H.R.Conf.Rep. No. 93-1280, 93rd Cong., 2d Sess., reprinted in 1974 U.S.Code Cong. & Ad.News 5038, 5079. Plaintiffs introduced NLA's 1983 Form 5500 filed with the IRS reporting the annual return on the group medical, life, and AD & D policy. Schedule A, Item 9(d) reports $42,263,925 as policy-holder reserves held to provide benefits after retirement. At this point in the proceeding, it is not clear whether this amount constitutes a dedicated asset to fund the medical insurance plan or merely represents a line item for tax purposes only, constituting a nondedicated portion of the corporation's general assets. In light of the statutory provisions and legislative history discussed above, to the extent the amount represents a dedicated asset, American General, as the administrator of the medical insurance plan would be subject to the fiduciary provisions under ERISA. While ERISA does not require mandatory funding of welfare benefit plans, 29 U.S.C. § 1081(a) (1), ERISA does not prohibit an employer from funding such a plan. Whether NLT/NLA opted to fund its medical insurance plan presents a question of fact for adjudication.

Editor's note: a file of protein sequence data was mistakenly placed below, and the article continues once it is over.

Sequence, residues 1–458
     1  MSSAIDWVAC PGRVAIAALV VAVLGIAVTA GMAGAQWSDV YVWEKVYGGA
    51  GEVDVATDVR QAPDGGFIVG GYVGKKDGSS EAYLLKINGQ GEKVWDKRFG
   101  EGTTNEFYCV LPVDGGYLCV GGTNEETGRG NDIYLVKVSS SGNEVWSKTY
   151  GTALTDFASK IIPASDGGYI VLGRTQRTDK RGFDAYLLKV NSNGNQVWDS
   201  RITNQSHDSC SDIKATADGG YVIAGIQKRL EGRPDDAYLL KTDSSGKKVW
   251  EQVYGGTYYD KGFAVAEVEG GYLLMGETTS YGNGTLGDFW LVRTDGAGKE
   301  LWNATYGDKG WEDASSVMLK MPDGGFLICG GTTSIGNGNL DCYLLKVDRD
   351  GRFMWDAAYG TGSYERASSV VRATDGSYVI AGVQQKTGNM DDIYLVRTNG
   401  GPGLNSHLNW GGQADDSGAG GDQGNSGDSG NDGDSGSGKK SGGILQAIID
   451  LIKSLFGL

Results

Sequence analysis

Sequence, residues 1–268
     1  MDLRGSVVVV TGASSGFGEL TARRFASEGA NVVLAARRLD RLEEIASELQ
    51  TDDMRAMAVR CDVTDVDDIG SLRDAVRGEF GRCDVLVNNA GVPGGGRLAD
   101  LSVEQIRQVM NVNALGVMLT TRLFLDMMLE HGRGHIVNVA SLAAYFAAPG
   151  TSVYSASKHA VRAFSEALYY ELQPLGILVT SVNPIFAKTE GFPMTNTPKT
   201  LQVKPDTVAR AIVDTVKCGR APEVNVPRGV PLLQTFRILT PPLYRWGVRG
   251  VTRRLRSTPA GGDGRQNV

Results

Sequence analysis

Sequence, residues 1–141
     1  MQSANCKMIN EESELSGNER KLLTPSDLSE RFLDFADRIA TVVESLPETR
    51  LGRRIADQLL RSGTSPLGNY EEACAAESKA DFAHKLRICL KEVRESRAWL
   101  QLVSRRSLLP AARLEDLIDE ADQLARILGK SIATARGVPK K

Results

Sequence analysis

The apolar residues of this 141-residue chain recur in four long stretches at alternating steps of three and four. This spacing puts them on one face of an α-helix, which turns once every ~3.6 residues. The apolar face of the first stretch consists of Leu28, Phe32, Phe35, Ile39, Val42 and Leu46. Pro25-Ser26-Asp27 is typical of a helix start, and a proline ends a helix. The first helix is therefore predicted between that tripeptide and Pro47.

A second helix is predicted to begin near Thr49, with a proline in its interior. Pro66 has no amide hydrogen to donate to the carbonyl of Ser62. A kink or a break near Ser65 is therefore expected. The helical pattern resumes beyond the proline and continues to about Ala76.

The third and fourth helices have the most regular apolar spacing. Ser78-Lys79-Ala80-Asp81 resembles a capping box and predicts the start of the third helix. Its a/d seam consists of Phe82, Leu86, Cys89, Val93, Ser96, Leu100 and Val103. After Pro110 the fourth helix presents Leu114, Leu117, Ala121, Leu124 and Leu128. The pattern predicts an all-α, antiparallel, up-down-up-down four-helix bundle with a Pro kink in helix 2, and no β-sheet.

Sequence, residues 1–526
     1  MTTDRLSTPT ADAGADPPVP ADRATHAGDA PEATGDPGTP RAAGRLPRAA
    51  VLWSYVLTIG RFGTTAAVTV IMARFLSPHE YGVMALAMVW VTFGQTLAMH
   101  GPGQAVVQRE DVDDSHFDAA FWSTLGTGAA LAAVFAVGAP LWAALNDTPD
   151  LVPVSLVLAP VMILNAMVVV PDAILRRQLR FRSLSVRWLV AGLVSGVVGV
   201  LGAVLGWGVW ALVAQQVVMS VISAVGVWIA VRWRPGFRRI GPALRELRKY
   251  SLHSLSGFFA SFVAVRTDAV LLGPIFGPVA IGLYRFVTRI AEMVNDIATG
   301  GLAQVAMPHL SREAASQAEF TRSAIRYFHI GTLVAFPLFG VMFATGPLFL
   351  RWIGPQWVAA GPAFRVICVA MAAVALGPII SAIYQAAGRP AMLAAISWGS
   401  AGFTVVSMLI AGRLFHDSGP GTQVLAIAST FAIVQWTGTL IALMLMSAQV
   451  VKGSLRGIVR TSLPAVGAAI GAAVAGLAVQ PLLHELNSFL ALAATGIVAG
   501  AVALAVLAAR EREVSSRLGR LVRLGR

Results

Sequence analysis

Regardless of the resolution of this particular issue, the Court finds that the plaintiffs have a substantial likelihood of success *1503 on the proposition that American General was subject to a fiduciary duty with respect to holding and protecting the issued insurance policy covering the medical insurance plan.

 
(2) American General Had a Duty to Assure the Continuation of Funding Required Under the Employment Contract Between Plaintiff Retirees and NLT/NLA.